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German-Owned Spiegel Group Bans Burma Buys

Downers Grove-based Spiegel, which owns Newport News and Eddie Bauer, joins a list of 28 companies that have made similar pledges in the past 20 months against association with the pariah nation, reviled for its use of forced labor.
Mail Order Giant is 28th Company to Refuse Business with Forced Labor Regime

WASHINGTON, D.C. – The Spiegel Group, a top U.S. mail-order retailer with nearly $4 billion in sales in 2000, has announced in a letter to the Free Burma Coalition it will not accept merchandise that is sourced from the Southeast Asian country of Burma. Spiegel, which owns Newport News and Eddie Bauer, joins a list of 28 companies that have made similar pledges in the past 20 months against association with the pariah nation, reviled for its use of forced labor. The Otto family of Germany, which controls the world's largest mail-order firm, Otto Versand, owns essentially all of Spiegel's voting stock.

“We applaud the contribution that Spiegel is making toward human rights in Burma,” says Free Burma Coalition (FBC) fellow Aung Din. “No company should support forced labor.”

Since June 2000, 28 companies, including Wal-Mart, Williams Sonoma, Crate and Barrel, and Kenneth Cole have pledged to not import and/or retail goods made in Burma. In January 2002 alone, three companies-- Value City/Filene’s Basement, operator of 110 department stores with over $2 billion in 2000 sales, an un-named company with $1.5 billion in 2000 sales, and Spiegel--have pledged not to import and/or retail goods from Burma. At the international level, Denmark-based IKEA refuses to sell goods from Burma and the Norwegian Olympic team rejected the wearing of the Triumph logo or products unless the company pulls out of Burma.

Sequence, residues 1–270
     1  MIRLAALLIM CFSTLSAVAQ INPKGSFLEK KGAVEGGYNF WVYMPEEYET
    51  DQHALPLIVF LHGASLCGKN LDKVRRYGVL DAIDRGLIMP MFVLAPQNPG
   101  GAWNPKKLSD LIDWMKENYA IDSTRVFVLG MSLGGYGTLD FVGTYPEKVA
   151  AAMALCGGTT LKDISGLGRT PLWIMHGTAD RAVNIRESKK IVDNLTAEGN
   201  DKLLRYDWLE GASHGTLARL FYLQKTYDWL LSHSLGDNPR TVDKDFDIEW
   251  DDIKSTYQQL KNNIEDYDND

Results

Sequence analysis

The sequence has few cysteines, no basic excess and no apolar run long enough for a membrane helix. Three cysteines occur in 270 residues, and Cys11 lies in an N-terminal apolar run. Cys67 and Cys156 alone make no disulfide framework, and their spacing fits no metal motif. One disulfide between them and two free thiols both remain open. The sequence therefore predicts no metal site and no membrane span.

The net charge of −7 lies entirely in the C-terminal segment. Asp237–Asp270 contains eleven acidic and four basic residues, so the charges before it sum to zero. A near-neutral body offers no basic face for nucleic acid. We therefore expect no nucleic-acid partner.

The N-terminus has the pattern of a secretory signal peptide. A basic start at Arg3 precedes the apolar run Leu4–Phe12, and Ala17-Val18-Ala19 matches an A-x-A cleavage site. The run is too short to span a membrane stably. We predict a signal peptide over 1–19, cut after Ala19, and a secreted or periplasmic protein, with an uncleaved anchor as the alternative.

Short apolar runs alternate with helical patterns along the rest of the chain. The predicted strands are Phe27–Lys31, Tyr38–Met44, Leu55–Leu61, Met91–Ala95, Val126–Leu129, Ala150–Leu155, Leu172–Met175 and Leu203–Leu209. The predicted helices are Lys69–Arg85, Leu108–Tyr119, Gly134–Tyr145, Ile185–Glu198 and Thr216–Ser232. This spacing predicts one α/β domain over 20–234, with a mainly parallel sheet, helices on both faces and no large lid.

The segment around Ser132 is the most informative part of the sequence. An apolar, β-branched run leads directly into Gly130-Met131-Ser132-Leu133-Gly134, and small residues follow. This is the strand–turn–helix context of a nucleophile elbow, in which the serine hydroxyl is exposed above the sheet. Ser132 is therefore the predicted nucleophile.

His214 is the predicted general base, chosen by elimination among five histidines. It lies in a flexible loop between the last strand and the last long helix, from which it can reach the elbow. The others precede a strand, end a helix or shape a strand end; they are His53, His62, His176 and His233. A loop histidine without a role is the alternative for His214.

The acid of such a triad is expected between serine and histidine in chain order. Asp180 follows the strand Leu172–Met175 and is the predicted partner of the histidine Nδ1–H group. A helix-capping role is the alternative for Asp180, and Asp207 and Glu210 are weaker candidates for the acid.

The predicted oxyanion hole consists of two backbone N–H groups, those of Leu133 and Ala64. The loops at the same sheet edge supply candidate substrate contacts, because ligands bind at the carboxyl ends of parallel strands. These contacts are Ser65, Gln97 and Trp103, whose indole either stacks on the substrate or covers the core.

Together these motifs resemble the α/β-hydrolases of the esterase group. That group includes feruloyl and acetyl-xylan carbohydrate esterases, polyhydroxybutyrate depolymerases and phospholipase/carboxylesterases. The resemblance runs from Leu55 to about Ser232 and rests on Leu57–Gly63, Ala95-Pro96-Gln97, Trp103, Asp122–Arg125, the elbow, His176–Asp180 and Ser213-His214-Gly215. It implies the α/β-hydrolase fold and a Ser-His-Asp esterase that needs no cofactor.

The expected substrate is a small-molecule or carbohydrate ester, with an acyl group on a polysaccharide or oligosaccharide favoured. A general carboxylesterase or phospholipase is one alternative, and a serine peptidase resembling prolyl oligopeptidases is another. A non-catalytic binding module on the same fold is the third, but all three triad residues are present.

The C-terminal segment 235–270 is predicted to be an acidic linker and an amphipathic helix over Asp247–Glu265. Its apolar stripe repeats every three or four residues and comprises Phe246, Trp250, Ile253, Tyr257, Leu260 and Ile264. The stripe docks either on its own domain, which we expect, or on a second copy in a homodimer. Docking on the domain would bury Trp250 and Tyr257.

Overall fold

Many companies want to distance themselves from Burma due to the close relationship between the apparel industry and forced labor. According to the U.S. State Department Country Report on Human Rights released in February 2001, “Forced labor, including forced child labor, has contributed materially to the construction of industrial parks subsequently used to produce manufactured exports, including garments.” The International Labor Organization, an agency of the United Nations, has called the system of forced labor in Burma “a saga of untold misery and suffering, oppression and exploitation,” and for the first time in its 82 year history, authorized its member countries to impose sanctions on Burma. Business with Burma’s junta also helps it acquire the cash it needs for its nuclear technology capacity, a point made by The Washington Post in a January 6 editorial.

Despite a 1997 ban on new U.S. investment aimed at supporting Burma’s 1991 Nobel Peace Prize winner Aung San Suu Kyi and the struggle for democracy in the country, Burmese apparel imports to the United States have skyrocketed in recent years, increasing over 800% from 1995 through 2000. As a result, a coalition of 26 human rights, religious, and labor groups including the American Anti-Slavery Group, Women’s Division of the United Methodist Church, Maryknoll Fathers and Brothers, Lawyer’s Committee for Human Rights, Global Exchange, and the National Labor Committee have signed letters calling on companies to stop importing from Burma.

Spiegel cited human rights as its chief concern in the letter, stating that, “Like the members of your coalition, we are concerned with human rights abuses in Burma/Myanmar… We currently have a policy in place prohibiting any Spiegel Group company from doing direct or indirect business there [in Burma] because of the military and human rights concerns.”

“Companies haven’t take this strong a stance against human rights abuses since they stopped doing business with South Africa in the 1980s,” added Aung Din.
 
 

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